Thursday 10 March 2011
A browser that "fully hardware-accelerates the entire Web platform" shouldn't have any trouble with a simple HTML scrolling testcase, should it? Try this testcase in the browsers on your machine. Running fullscreen on my laptop, IE9 RC1 takes more than ten times as long as Firefox 4. That doesn't seem very accelerated to me. View the source to see that the testcase does nothing tricky.
When we designed our "layers" framework for GPU acceleration in Firefox, one of the goals was to accelerate scrolling, especially on pages where some parts of the page move as you scroll and other parts don't --- like that testcase. We have a component called FrameLayerBuilder that separates the moving parts from the stationary parts and assigns them to separate "layers". (The vicissitudes of CSS make this surprisingly difficult, but that's a topic for another blog post...) Each layer gets a VRAM buffer into which we draw the layer's contents; when we scroll, we only have to draw the content that has scrolled into view, and then we use the GPU to composite the layers together at their new positions.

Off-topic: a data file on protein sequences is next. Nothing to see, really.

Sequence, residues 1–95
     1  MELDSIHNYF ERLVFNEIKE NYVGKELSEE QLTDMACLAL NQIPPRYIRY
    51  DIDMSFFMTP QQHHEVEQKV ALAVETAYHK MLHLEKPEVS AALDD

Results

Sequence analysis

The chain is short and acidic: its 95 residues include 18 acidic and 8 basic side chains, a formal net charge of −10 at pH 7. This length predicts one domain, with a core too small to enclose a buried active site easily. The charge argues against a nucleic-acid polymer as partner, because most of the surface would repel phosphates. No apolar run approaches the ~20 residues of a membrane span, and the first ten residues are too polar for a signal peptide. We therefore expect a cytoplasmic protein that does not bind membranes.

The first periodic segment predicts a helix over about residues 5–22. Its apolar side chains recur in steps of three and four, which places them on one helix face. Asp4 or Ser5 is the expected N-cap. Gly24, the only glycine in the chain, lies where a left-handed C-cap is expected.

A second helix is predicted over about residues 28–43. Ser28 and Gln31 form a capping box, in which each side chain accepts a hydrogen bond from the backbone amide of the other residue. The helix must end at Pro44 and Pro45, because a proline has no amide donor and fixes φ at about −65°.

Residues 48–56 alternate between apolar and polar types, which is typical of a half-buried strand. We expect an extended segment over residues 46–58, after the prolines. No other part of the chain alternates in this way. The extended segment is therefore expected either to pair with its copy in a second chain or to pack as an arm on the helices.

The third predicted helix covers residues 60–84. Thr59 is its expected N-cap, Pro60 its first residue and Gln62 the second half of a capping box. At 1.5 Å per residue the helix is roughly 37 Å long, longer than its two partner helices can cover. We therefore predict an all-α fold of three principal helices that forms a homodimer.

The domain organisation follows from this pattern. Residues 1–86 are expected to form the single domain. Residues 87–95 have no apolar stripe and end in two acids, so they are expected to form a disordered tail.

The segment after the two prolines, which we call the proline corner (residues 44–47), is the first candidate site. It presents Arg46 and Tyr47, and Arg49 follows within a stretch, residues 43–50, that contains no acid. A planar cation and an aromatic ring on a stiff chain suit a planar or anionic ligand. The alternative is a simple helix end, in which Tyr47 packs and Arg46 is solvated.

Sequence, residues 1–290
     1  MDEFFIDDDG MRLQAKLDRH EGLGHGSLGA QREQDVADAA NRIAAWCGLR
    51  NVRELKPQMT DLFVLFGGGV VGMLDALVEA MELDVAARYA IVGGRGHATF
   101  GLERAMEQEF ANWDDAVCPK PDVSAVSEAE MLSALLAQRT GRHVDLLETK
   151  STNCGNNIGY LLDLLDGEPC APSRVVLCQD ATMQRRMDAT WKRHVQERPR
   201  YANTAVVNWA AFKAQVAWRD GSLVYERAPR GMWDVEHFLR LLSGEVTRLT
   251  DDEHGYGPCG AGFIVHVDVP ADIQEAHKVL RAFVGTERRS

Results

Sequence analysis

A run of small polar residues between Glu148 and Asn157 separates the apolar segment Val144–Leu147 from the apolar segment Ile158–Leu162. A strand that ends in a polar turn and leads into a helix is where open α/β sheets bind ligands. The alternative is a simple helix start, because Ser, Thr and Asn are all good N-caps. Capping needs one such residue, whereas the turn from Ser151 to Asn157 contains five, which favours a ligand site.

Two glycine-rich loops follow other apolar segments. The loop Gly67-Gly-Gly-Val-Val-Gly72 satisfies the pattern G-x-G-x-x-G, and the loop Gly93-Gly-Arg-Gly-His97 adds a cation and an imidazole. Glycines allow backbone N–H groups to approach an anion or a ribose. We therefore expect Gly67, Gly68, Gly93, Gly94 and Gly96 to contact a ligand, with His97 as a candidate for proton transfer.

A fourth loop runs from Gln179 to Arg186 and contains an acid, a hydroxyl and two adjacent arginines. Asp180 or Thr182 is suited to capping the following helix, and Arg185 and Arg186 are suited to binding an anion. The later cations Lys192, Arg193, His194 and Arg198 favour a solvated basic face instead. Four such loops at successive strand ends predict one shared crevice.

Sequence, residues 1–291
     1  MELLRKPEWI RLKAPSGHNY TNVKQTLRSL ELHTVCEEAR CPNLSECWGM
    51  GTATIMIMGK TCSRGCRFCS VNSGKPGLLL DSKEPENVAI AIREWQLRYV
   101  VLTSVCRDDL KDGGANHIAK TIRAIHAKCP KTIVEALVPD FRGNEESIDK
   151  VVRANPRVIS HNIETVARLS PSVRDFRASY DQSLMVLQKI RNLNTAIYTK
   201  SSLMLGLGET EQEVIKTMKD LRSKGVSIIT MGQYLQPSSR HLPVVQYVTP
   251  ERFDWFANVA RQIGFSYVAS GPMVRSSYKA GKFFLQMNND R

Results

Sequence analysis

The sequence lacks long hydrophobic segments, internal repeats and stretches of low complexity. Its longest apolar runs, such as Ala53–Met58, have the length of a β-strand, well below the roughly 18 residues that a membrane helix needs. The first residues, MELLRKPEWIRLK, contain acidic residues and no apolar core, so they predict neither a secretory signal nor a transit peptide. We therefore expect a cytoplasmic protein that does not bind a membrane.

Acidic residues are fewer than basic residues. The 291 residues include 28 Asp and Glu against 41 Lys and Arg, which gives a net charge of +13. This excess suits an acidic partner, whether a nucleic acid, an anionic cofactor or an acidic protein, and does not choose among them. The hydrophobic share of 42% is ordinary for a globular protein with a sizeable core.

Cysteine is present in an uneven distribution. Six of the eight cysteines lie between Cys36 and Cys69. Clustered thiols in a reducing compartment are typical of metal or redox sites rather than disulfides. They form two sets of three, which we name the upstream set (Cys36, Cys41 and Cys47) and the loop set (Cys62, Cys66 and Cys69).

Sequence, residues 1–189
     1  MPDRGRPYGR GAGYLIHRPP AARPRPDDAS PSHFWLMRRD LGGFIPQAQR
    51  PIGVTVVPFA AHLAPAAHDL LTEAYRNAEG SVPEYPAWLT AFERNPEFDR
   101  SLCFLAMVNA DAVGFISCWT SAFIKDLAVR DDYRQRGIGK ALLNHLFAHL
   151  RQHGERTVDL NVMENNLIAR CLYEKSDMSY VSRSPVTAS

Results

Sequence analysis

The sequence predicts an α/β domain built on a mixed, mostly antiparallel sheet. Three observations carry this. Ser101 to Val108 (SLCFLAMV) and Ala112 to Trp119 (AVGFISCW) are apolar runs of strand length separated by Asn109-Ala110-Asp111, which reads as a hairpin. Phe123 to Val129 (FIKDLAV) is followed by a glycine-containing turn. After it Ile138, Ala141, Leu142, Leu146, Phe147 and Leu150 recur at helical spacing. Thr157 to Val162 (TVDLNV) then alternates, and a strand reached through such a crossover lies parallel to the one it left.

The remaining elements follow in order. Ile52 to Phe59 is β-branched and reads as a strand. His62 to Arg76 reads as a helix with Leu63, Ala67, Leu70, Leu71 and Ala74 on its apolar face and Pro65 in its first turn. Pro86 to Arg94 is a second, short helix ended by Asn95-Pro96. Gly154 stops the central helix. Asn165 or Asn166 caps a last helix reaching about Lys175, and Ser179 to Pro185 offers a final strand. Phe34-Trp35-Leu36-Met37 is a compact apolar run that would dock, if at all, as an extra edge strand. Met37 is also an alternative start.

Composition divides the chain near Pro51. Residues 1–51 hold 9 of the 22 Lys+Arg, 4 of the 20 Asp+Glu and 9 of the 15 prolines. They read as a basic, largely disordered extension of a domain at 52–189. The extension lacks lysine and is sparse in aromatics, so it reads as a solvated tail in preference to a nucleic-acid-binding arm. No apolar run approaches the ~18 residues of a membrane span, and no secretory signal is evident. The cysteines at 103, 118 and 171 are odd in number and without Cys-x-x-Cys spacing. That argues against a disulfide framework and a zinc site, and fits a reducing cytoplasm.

I can't say for sure what IE9 is doing in this case, but experimentation suggests that it simply repaints the entire page from scratch every time it scrolls the above testcase. This does not make best use of the hardware.